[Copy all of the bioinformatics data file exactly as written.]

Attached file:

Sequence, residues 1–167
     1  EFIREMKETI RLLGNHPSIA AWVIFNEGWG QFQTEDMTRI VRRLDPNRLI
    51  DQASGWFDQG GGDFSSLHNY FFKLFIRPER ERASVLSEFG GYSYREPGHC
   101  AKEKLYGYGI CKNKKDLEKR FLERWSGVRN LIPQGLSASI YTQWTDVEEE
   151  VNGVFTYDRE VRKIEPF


Sequence, residues 1–167
     1  EFIREMKETI RLLGNHPSIA AWVIFNEGWG QFQTEDMTRI VRRLDPNRLI
    51  DQASGWFDQG GGDFSSLHNY FFKLFIRPER ERASVLSEFG GYSYREPGHC
   101  AKEKLYGYGI CKNKKDLEKR FLERWSGVRN LIPQGLSASI YTQWTDVEEE
   151  VNGVFTYDRE VRKIEPF